Sarai Nkhonjera, Lughambo Mwalughali and Victor Rabson from Salima, Karonga and Balaka districts respectively in Malawi share one common thing though they live hundreds of kilometres apart.
The trio has not known any other ‘job’ all their lives apart from growing cotton on their respective parched customary lands.
But the crop’s decline in terms of both yield and prices has put them in a quandary because they are forced to grow others crops for survival.
Both state and private companies which supported smallholder farmers like them with inputs, expertise and markets seem to have vanished from their backyards.
“Because of these challenges, you find that the number of people growing cotton has declined, which is bad to household and national incomes. We need some change, we need the inputs programme back,” Sarai Nkhonjera, who is also Cotton Farmers Association (COFA) Vice-President, told the media.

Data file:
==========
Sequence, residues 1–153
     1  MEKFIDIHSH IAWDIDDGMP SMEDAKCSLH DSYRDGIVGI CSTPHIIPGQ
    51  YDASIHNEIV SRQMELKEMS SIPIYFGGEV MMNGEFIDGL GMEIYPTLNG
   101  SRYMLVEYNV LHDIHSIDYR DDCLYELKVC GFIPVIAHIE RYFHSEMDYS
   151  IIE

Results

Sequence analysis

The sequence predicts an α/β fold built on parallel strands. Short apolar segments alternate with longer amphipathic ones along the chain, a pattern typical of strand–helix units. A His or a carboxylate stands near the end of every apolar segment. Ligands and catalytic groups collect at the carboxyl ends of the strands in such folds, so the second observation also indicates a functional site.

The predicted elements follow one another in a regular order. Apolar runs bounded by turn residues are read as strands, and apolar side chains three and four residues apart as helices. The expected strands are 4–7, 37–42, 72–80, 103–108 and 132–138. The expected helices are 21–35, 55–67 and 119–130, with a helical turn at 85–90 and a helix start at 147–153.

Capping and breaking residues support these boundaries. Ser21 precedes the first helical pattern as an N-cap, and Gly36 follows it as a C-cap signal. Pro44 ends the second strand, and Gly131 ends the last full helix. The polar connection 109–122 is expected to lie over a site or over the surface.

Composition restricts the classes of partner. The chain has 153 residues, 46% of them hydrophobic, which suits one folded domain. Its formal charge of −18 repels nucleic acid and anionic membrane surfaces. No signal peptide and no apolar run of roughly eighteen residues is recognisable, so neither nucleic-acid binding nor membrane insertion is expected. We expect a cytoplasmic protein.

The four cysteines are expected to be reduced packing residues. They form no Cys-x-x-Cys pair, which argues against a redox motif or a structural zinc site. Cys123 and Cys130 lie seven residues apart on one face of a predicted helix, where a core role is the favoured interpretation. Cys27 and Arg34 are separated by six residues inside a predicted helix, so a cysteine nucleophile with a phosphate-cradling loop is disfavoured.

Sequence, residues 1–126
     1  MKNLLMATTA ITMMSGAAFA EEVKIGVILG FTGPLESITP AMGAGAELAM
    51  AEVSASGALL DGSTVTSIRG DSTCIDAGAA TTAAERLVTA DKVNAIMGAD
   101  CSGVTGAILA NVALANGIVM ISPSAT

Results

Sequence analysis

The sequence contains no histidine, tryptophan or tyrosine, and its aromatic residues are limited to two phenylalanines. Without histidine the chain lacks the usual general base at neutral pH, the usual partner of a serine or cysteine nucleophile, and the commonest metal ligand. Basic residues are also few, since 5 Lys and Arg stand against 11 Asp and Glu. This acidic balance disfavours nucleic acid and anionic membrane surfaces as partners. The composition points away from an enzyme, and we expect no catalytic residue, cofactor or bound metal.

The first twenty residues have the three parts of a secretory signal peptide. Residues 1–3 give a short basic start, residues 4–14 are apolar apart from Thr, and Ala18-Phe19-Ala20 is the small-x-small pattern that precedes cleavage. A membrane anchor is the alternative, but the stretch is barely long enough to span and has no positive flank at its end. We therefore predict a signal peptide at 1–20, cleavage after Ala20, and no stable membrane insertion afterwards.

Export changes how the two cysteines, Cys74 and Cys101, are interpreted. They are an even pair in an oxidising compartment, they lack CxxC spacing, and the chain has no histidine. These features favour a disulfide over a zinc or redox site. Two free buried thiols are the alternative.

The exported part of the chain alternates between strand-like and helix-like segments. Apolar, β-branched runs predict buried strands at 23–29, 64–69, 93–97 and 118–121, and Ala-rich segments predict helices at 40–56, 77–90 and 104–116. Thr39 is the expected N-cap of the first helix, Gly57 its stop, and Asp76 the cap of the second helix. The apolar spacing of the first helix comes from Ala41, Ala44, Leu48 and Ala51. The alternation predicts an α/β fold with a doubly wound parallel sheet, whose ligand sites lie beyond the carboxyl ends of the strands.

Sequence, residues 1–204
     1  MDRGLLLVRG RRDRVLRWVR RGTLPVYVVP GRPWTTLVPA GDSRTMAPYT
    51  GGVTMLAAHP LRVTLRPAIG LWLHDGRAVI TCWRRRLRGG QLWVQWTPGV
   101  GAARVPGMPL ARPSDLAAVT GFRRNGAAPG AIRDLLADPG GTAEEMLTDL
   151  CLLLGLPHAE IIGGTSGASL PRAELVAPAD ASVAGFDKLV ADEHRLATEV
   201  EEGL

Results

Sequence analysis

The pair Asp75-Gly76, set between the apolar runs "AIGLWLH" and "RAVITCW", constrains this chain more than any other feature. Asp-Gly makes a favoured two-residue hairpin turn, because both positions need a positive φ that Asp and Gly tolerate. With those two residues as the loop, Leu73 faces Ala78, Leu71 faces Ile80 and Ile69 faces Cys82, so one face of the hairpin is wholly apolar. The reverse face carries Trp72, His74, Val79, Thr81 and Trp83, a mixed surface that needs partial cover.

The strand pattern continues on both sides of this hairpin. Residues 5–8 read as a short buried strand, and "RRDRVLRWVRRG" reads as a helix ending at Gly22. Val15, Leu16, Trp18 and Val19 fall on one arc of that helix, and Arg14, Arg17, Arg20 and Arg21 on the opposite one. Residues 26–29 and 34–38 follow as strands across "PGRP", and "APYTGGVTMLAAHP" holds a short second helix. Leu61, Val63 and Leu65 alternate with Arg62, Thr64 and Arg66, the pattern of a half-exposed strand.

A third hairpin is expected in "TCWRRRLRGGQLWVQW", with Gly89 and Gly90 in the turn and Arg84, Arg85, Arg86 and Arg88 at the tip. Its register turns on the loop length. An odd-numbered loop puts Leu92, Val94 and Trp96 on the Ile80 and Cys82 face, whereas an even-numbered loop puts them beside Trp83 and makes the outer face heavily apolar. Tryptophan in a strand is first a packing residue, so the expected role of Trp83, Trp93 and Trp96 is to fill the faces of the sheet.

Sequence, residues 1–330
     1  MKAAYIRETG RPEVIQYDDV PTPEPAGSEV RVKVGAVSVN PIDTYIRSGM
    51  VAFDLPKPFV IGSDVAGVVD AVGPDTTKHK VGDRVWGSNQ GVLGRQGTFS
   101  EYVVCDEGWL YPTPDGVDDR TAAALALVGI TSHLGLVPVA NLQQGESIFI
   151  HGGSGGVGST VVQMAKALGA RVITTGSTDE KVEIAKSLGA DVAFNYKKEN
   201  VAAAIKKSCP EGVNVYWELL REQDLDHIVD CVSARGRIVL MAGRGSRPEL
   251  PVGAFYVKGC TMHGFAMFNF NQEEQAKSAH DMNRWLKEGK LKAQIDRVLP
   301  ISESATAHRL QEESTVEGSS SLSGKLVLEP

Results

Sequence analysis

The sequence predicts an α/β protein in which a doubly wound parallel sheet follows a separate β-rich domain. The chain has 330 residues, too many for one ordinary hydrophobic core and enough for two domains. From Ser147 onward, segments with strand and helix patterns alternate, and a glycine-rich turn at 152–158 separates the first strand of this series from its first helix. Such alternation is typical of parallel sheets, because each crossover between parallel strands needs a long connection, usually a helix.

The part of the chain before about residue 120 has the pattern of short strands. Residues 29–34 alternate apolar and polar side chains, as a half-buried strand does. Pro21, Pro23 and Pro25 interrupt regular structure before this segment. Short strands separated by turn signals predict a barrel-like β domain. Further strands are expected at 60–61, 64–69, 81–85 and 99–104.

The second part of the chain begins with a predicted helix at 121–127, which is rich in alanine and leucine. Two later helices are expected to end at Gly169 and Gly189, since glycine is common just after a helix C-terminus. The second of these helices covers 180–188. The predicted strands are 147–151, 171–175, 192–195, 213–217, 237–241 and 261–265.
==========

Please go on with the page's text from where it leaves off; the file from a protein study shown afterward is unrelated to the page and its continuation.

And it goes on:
Even in boon years, Cotton farmers made little or no savings to help them bankroll the next farming season.
Generally, the country’s saving rate has not picked up from almost 3 per cent of the Gross Domestic Product (GDP) of almost MK 5 Trillion.
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